Black and White Corroboree
Many people will feel really good about themselves after walking across Sydney Harbour Bridge next Sunday, as part of the weekend's Corroboree 2000 events.
The walk, and Saturday's formal launch of the 'Declaration Towards Reconciliation' at the Sydney Opera House, are supposed to be the pinnacle of the decade-long reconciliation process. Participants will be making a symbolic statement that they are committed to the vision of 'a united Australia that respects this land of ours; values the Aboriginal and Torres Strait Islander heritage; and provides justice and equity for all'.
For nothing more than the cost of their travel to the Harbour Bridge and their time, they will be telling the world that they are caring and righteous people. Not like all those other Australians, such as heartless John Howard and his legion of redneck supporters, who refuse to apologise to the 'stolen generations' and reject the idea of indigenous rights and Aboriginal self-determination.
And that points to the key problem with the whole reconciliation process. Despite protestations to the contrary, it is not about healing, or about celebrating the common humanity which binds Aboriginal and non-Aboriginal Australians. Rather, it has become a highly political exercise designed to pressure governments and people into supporting an unpopular agenda which is much more likely to bring increased divisiveness and resentment than unity.
An overwhelming number of Australians now acknowledge that serious wrongs were done to Aborigines in the past, sometimes through contempt or animosity, sometimes through indifference, and sometimes as a result of good intentions that were badly misguided. But it is also clear that the majority of Australians are deeply troubled by calls for special indigenous rights and other separatist measures.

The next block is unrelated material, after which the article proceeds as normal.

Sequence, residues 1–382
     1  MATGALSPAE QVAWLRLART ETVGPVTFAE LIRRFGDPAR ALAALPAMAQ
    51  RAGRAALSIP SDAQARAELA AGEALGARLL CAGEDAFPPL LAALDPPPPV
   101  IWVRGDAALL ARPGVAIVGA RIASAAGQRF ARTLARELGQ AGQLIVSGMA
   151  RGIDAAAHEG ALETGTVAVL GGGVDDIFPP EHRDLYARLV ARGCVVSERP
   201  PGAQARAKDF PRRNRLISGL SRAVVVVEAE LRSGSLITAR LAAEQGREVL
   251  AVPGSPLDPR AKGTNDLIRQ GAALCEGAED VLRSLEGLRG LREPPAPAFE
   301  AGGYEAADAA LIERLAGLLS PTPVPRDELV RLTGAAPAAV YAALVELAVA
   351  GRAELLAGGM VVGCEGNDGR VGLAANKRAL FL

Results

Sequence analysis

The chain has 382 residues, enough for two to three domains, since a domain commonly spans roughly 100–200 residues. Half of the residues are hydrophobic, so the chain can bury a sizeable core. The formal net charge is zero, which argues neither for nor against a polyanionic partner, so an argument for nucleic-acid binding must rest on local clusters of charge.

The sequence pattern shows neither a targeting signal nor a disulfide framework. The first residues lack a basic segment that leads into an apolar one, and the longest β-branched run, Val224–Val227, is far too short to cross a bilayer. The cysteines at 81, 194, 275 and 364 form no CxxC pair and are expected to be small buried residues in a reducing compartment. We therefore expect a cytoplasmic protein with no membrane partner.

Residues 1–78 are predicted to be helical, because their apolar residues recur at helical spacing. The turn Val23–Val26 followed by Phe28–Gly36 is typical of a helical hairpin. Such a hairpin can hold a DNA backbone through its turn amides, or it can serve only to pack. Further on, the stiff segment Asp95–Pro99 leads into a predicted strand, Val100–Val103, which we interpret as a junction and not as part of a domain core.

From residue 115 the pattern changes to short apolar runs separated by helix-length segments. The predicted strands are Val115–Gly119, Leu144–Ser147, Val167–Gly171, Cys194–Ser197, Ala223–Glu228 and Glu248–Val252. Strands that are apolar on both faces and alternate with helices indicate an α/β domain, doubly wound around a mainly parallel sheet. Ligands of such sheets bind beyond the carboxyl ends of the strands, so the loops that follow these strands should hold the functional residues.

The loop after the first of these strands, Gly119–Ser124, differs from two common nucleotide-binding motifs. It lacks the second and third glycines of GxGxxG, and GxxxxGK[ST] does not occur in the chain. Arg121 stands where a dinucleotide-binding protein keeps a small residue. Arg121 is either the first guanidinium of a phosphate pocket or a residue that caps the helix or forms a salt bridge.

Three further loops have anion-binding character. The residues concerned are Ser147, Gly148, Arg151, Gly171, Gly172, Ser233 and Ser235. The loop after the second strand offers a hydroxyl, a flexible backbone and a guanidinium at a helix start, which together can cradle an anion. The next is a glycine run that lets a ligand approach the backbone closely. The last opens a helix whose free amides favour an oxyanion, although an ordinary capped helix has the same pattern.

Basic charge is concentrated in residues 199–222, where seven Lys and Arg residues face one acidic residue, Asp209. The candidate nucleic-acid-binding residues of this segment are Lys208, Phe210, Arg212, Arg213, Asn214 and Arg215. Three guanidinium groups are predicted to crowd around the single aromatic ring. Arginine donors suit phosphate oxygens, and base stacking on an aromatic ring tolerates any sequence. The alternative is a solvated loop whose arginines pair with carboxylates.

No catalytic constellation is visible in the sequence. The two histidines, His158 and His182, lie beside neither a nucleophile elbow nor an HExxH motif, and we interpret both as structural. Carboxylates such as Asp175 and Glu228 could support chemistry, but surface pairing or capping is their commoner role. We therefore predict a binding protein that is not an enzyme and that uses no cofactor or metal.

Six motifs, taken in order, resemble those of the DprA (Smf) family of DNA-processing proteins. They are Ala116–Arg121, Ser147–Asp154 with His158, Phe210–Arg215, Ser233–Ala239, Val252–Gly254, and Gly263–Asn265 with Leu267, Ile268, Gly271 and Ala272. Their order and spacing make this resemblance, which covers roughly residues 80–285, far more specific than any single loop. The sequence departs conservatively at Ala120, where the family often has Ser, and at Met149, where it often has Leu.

These Australians may not have the academics' detailed grasp of every outrage committed over the past two centuries, and some may well be blasÃ© about the extent of the humiliation and suffering that many Aborigines experienced. But they possess a compensating quality that most of our pious intellectuals and clerics lack---a common sense which alerts them to the dangers of currently fashionable ideas about indigenous affairs.
We could even say that these Australians have a better grasp of the real lesson to be learnt from the depressing history of relations between black and white in this country. The root cause of all the problems has been the belief that Aborigines are a different sort of human being from other Australians, with different kinds of rights and civil obligations. But the inappropriately named 'Declaration Towards Reconciliation' has not addressed this destructive belief.
Indeed, with its talk of the 'unique status' of Aborigines and Torres Strait Islanders, its sly reference to a 'treaty', its call for what can only be a racially based 'self-determination', and its failure to recognise that it is advocating an impossible jumble of inconsistencies, the declaration will only perpetuate this kind of thinking.
It takes a particular kind of mind-set to believe that the follies we are being offered in the name of reconciliation will create a more harmonious nation, or that they will help to reduce the deplorable levels of social and economic disadvantage that blight large parts of Aboriginal Australia. It is a mind-set which values conspicuous displays of moral fervour over carefully considered and honestly presented solutions to national problems.
But don't get me wrong. It is possible that some good may still come out of next Sunday's walk across the bridge in Sydney. Invigorated by bracing harbour breezes and the marvellous vistas of a great city, some of the participants may be moved to reflect on the reasons why ten years of reconciliation seem to have produced so little of lasting benefit.
Even better, they may find that they have far more in common with the Aboriginal person walking next to them than they had ever been led to believe, and so begin the kind of friendship on which true reconciliation is based.